Hot oranges and other summer fruit.

hotoranges.jpgWhen it’s hot out, as it has been in New York City for the past, oh, most of my life (or two months, give or take), nothing refreshes like a good, cold, chocolate shake; however, I can’t write about that because my wife will become angry that I’m getting chocolate shakes which are: 1) not good for me, and 2) not being shared with her. So instead I’ll write about nothing being as refreshing as good, juicy, summer oranges.
Let’s be clear: when I say I’ll write about good, juicy, summer oranges I mean that I’ll write about the dried out, pulpy, hot summer oranges being sold by a fruit vendor in midtown Manhattan. I do not mean “stolen” oranges. I mean physically hot, notably warm, unpleasantly above room temperature oranges.
I wanted, of course, a good, juicy, summer orange. No one goes out thinking, “You know what I could use? A hot orange! One that’s really pulpy!” But that’s what I got. It wasn’t expensive. To be honest I have no idea how much it was. I saw a sign that said, “3 oranges for $2.” I only wanted one orange and carried one, a particularly plump and juicy looking one, to the man leaning against the cart, staying beneath its too small umbrella, with a bored, rather-be-standing-in-a-pool-chillin’-with-my-budz look on his face. I held up the orange and one dollar in the international handsign for “I don’t know how to say this to you so I will show you my offer of trade – this paper money for your good, plump, summer orange.” He looked at me as if I were deranged.
“How much for the orange?” I asked.
He pointed at another customer.
I looked over my shoulder at the other customer. A short man talking excitedly on a cellphone as he threw fruit into a bag. I looked between him and the vendor, holding my dollar out to no one, holding it out the space above some apples, unsure why I should care about the other customer. I looked back to the vendor who then said, “Not my cart. Pay him.” The other customer was not a customer. He was the vendor. In my haste to get away from the non-vendor, the man I am now convinced is the “muscle” of the fruit vending operation, I didn’t count my change.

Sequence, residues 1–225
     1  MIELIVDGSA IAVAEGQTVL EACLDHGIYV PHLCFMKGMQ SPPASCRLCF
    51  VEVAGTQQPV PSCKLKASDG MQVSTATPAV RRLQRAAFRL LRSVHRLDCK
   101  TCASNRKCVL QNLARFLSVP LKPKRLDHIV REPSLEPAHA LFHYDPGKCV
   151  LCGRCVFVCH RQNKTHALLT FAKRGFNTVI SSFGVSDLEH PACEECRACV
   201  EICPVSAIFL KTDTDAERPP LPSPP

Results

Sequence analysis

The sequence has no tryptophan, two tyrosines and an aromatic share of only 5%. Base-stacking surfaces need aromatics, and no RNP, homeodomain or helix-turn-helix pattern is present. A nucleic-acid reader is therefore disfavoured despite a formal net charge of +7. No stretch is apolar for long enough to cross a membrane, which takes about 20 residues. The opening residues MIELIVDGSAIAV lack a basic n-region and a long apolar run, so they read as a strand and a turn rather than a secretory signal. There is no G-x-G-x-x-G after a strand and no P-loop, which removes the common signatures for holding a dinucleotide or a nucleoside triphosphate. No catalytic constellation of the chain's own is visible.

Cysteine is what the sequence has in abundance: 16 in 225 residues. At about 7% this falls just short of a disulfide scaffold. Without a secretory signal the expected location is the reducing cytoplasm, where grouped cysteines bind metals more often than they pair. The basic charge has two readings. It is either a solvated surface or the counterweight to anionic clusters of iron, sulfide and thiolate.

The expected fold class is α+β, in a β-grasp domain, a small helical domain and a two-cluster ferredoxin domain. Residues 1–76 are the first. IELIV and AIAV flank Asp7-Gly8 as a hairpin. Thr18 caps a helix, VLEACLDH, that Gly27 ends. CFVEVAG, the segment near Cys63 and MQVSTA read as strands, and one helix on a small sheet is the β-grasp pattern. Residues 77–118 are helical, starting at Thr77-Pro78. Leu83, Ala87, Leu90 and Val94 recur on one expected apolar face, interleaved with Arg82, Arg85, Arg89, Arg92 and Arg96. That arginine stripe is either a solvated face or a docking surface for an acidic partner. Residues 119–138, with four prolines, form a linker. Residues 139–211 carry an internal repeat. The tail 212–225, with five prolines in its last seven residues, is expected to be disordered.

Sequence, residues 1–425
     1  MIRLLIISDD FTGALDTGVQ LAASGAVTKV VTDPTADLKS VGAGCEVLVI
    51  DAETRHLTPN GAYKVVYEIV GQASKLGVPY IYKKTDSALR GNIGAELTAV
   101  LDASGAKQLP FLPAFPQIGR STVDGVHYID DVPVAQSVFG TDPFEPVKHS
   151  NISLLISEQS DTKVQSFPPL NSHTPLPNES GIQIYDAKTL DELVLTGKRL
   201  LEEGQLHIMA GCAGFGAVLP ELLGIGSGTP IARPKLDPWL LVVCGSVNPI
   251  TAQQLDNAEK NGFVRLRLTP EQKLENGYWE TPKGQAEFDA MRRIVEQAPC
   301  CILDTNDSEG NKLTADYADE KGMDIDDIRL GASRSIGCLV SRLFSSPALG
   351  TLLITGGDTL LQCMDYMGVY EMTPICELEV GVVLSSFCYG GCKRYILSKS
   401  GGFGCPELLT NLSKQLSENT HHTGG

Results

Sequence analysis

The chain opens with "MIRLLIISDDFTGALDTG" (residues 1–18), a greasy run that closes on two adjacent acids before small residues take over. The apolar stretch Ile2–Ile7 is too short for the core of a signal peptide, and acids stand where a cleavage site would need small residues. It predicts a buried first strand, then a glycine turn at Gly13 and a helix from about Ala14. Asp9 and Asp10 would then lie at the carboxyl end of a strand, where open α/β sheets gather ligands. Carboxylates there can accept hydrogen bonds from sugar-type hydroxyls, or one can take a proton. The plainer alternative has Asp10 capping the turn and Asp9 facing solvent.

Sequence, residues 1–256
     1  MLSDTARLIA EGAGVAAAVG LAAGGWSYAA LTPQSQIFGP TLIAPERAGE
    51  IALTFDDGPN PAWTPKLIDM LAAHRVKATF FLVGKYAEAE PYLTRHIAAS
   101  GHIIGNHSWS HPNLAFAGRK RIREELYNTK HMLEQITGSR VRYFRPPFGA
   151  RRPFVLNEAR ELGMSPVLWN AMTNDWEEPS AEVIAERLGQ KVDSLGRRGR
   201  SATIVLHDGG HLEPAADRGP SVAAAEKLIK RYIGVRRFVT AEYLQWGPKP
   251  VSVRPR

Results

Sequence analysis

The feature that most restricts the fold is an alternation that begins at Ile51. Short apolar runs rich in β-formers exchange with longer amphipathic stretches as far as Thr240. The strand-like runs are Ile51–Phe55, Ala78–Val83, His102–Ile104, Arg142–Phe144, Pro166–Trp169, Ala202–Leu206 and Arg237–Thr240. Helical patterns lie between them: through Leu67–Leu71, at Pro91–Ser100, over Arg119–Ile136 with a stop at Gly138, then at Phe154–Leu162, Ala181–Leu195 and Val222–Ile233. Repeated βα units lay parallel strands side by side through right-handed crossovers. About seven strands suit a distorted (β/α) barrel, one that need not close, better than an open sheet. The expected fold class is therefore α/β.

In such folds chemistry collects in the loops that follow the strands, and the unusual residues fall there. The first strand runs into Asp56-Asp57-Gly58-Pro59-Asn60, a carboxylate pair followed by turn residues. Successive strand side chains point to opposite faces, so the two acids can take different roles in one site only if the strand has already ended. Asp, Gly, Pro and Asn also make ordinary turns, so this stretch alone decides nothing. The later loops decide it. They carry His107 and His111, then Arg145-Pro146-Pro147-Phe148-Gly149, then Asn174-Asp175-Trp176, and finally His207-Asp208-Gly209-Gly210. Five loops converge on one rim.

So, I took my orange back to my office and prepared to peel and eat, to refresh myself with its plump goodness. Only I couldn’t get through the skin. It was the toughest orange I’d ever touched. I broke a nail on it (not a finger nail, a 1 inch wood nail I pulled from my office floor). I found a knife lurking in my desk drawer and sawed into the rind. As I peeled, the orange split open, pulp yawned out at me and an unexpected warmth rose to my finger tips.
Let me repeat that: an unexpected warmth rose to my finger tips.
Yes, the interior of the orange was warm. I was disgusted. According to Wikipedia* “warm + disgust = hot.” Therefore, I was suffering from an extreme case of hot orange.
Did I eat some of it? Yes. I convinced myself that it was only hot due to the nearly 100 degree temperature. However, once I tried it I realized my error. It was hot because it was evil. Pure, unadulterated, pulpy evil. I threw it away. Luckily in my office we separate our refuse into “recyclable paper”, “non-recyclable” and “evil,” so there was a bin for it.
Only later did I remember that I could have taken it home to give to my dog, who has recently shown an interest in eating cantaloupe.
*Not really.

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